Howard Zinn for decades enjoyed sparring with people in authority. So if it weren’t for the fact that Zinn is dead, he might well enjoy knowing that the president of Purdue University spent some of his time Wednesday denouncing his work.
Mitch Daniels, the Purdue president, was the subject of an Associated Press article Tuesday afternoon based on e-mail exchanges Daniels and staffers had while he was governor of Indiana. In those exchanges – which came shortly after Zinn died in 2010 – Daniels wanted to be assured that Zinn wasn’t being taught in the state, and he discussed trying to make sure that university courses used to train teachers didn’t include Zinn’s works. In fact, to Daniels’s distress, some of these programs were using Zinn’s work.
It appears that despite those e-mail exchanges, no one told the state’s faculty members to stop teaching Zinn. But Daniels's interest in doing so – in one e-mail he said "This crap should not be accepted for any credit by the state” – has alarmed many academics, who wonder why a governor would want to make books off-limits.
In an interview with Inside Higher Ed Wednesday morning and in a statement he issued later in the day, Daniels stressed that his concern about Zinn related to the state’s elementary and secondary schools – and not wanting teachers to be advancing Zinn’s views there. In his statement Wednesday afternoon, Daniels went after Zinn again.
“I merely wanted to make certain that Howard Zinn's textbook, which represents a falsified version of history, was not being foisted upon our young people in Indiana's public K-12 classrooms,” Daniels said in the statement. “No one need take my word that my concerns were well-founded. Respected scholars and communicators of all ideologies agree that the work of Howard Zinn was irredeemably slanted and unsuited for teaching to schoolchildren.”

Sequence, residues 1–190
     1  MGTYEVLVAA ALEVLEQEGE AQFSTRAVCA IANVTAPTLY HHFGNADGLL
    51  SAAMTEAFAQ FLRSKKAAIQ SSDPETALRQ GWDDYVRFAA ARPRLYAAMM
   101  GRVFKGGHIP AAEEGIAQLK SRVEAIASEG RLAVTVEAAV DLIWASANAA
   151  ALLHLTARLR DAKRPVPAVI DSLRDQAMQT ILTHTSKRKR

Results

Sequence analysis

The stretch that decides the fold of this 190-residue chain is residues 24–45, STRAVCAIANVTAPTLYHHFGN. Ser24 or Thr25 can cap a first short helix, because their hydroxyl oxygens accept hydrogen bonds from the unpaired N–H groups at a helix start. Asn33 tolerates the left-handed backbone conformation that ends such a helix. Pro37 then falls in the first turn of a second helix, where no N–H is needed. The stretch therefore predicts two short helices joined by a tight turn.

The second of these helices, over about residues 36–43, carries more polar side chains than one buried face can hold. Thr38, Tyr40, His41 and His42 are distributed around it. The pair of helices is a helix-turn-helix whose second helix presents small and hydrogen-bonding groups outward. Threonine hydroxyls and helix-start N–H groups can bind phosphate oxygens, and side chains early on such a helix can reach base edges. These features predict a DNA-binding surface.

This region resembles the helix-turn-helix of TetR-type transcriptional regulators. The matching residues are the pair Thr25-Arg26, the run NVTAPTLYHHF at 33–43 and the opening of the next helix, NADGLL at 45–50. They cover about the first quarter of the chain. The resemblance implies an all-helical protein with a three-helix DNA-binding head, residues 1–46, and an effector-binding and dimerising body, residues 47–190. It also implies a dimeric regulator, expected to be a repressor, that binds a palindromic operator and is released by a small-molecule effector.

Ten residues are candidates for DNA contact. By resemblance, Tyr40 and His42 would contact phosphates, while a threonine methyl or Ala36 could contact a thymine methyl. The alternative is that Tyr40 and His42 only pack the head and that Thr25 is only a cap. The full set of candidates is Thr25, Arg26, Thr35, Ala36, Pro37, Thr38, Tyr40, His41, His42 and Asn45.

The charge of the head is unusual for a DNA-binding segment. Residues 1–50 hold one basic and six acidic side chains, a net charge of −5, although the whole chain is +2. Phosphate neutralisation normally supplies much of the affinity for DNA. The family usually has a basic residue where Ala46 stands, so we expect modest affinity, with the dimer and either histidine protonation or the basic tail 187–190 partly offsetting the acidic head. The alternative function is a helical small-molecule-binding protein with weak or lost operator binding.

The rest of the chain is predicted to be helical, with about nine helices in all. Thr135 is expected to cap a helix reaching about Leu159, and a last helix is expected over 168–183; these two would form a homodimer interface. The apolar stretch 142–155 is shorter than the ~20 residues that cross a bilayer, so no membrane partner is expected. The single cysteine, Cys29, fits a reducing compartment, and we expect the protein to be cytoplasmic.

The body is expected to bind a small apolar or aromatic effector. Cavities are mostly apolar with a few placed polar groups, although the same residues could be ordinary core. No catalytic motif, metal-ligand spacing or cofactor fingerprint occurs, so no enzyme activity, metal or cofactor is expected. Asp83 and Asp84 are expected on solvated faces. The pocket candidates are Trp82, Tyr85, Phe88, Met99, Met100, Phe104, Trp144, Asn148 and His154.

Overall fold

Daniels went on to quote Arthur M. Schlesinger as calling Zinn “a polemicist, not a historian." And he noted that Michael Kazin said of Zinn’s work that it was "bad history, albeit tilted with virtuous intentions.”
The Purdue board also issued a statement Wednesday, denouncing the AP article and backing Daniels.
"What we see is a complete misrepresentation of President Daniels' views and concerns. The exchange had nothing to do with academic freedom or censorship. Rather, it had to do with concerns over what is being taught in Indiana’s K-12 public schools,” said the statement. “In his leadership role at Purdue University, President Daniels has stated and demonstrated his complete commitment to freedom of inquiry and has been an emphatic voice for that freedom. The board rejects as totally misleading the original article and reaffirms its unanimous and complete support of President Daniels.”
A survey of articles and analysis of Zinn suggests that Daniels certainly is correct to say that many historians (and not just those on the right) accused Zinn of oversimplifying, especially in his most widely read work, A People’s History of the United States. But what the Daniels critique doesn’t include is that many of these historians agreed with Zinn’s premise that American history as traditionally taught represents far too narrow a set of perspectives.